These are just a few “Above-The-Line” patterns we’ve observed in cases over time, and potential nicknames for the patterns in the style of how cons are named in movies such as Ocean’s Eleven. Is this shorthand that we use in regular use in our work? Not regularly, but it’s been fun to name them once we’ve seen these scenarios play out across multiple organizations. 😃
(based on the Knight Capital event)
This is when:
- Team develops an understanding of what is happening based on what they’ve been able to gather.
- They take action that is reasonable, given #1 above.
- Because this understanding was mis-calibrated in some minor way, the action in #2 makes things worse
A “Here Goes Nothing”
This is when uncertainty is significant enough that while someone is committed to taking an action, they’re explicit that doing so has a non-zero chance of making things worse.
A “Slow Burn” (or “Invisible Wick”)
This is when a scenario goes from “huh, that’s weird…but <shrug>…” to “ugh, yep: this is totally A Thing™ now”
- People recognize that behaviors are interesting enough to warrant attention but not enough to declare it an “incident”
- Some discussion takes place about the significance of the signal(s) and time passes because either:
- While the signal(s) look to be anomalous, they can be discounted or explained away – to be “within normal variation”
- They might be acknowledged as anomalous, but not enough concern is raised for doing much more than “keeping an eye on it”
- The behavior gets significantly worse, or downstream effects (in time or space) begin to show some important impact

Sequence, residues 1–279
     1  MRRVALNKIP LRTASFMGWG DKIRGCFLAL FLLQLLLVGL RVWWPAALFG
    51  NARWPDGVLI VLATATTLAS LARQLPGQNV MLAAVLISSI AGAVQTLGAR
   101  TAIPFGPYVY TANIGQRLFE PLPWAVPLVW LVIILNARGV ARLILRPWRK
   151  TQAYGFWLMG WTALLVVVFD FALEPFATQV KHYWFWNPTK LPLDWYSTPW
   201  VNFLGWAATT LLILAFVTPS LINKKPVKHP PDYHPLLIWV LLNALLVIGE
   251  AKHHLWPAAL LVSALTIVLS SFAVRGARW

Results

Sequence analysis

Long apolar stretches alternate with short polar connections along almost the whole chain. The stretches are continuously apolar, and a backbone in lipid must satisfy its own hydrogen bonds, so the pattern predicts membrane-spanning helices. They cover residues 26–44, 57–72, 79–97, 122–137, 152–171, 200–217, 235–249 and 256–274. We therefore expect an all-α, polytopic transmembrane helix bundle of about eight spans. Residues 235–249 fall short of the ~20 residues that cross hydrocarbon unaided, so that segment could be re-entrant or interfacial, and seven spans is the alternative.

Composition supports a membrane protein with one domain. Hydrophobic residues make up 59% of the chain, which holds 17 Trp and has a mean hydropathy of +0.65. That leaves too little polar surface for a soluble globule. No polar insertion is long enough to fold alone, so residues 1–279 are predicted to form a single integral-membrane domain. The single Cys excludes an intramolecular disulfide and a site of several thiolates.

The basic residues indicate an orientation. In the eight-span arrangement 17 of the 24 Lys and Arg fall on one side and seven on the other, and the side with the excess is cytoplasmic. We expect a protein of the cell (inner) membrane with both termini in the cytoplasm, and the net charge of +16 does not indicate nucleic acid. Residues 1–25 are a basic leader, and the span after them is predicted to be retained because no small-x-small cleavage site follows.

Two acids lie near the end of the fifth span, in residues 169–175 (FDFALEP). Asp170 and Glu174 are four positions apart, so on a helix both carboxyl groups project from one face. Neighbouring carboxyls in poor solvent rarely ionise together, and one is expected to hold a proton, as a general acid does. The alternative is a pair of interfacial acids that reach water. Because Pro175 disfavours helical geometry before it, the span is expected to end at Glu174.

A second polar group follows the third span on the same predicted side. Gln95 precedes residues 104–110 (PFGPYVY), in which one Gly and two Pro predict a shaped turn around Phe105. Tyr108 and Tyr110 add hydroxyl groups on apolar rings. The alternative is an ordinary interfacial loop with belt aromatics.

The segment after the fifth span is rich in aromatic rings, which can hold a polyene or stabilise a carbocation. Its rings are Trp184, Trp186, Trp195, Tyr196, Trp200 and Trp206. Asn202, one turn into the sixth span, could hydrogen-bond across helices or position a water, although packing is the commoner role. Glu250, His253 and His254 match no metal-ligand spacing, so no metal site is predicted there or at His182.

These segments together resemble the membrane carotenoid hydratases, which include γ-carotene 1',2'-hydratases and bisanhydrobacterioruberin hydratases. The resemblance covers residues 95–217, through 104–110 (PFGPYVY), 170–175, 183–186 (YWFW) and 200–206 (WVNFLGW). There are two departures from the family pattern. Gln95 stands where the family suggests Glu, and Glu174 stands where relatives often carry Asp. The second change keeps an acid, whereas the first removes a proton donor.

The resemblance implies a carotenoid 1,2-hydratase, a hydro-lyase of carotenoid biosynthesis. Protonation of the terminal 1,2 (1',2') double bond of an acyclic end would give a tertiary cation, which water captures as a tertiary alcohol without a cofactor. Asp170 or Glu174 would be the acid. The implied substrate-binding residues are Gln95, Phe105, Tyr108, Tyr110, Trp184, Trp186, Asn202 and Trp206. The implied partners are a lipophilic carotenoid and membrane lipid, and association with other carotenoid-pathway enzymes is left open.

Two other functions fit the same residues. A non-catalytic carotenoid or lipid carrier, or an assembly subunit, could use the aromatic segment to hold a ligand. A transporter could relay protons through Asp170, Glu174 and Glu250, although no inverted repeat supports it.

- The recognition that the issue was (now seen in this new light) indeed out of the range of “normal”
(Later, someone often remarks that the early signals were “leading indicators” and that observers needed to “pay more attention.”)
This is when during the response to an incident, multiple team members are concerned/worried that what is happening will lead to something much more significant or damaging, but it doesn’t end up going that way. Because the worries or concerns don’t play out in the way they feared, the team members see no reason to make their worries explicit, and therefore they are not captured in the post-incident activities.
A variation on this is when some but not all team members express these concerns and because they assume all of the others are also worried about the same thing, they feel no need to share the concerns during the event. This is an example of the so-called ‘fundamental common ground breakdown’.
A “Parallel Pete”
This is when while an incident is continuing to be worked by responders, one member takes the initiative to prepare for a potential outcome (that hasn’t been proven to be inevitable) example: getting ready to restore databases from backups, writing data repair scripts, getting into position to turn up new capacity, etc.)
Note: we’ve sometimes seen a “Suppressed” lead to a “Parallel Pete”
This is when multiple efforts (some orgs call these “swimlanes”) are happening in parallel; they can be diagnostic or therapeutic. The fastest direction or route is taken or committed to, and when a “slower” thread activity is identified as being more productive, it’s too late; the initial effort must finish before any other directions can be taken.
A “Saves The Day”
After a team struggles with working an incident for some period of time, a latecomer interjects with a significant contribution that wasn’t known previously. This is typically from a “knowledge island” engineer who has either esoteric knowledge about the behavior and what to do about it, or possession of a tool or set of approaches that significantly simplifies or washes away confusion or uncertainty about what is happening or what to do about it.
Any of these seem familiar to you? 😀